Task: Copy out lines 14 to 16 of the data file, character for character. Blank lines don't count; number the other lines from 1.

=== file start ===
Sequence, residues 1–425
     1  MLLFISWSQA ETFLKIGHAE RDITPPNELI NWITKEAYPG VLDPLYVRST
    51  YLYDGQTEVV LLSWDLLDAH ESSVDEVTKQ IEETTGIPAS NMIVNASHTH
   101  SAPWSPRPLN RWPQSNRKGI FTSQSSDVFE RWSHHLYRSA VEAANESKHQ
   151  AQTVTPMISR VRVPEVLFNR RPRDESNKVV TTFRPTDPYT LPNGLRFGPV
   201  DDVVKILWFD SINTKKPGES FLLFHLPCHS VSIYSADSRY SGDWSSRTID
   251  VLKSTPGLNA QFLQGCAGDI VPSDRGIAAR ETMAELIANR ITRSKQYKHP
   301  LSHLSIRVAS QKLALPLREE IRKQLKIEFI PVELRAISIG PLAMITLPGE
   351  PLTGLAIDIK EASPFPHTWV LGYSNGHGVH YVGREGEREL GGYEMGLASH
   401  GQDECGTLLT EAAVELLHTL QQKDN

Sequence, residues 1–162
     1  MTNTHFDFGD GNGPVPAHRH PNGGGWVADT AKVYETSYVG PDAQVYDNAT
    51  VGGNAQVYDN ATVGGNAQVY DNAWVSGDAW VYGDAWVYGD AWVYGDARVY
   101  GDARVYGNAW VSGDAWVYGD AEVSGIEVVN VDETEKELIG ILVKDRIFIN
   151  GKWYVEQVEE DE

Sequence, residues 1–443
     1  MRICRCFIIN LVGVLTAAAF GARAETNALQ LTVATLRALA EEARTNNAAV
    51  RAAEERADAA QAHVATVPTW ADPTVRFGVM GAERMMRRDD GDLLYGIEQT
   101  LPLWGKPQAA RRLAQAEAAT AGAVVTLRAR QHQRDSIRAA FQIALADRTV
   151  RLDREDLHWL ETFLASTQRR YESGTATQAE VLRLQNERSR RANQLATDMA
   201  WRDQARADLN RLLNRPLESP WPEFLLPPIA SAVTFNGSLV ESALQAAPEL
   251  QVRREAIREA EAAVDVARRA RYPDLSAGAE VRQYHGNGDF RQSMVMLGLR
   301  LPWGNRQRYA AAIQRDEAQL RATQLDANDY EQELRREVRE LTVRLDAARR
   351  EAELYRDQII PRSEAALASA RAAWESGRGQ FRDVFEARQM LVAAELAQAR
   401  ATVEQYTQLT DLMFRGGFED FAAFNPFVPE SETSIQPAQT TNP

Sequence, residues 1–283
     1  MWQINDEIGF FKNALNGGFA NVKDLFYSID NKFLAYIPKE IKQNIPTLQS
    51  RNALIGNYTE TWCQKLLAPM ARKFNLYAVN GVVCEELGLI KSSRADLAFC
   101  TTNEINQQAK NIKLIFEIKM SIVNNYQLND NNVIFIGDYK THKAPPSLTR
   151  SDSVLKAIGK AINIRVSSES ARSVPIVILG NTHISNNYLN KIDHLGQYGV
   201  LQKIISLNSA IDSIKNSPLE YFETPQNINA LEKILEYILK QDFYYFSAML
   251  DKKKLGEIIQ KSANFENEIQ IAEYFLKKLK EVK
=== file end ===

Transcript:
   101  GDARVYGNAW VSGDAWVYGD AEVSGIEVVN VDETEKELIG ILVKDRIFIN
   151  GKWYVEQVEE DE

Sequence, residues 1–443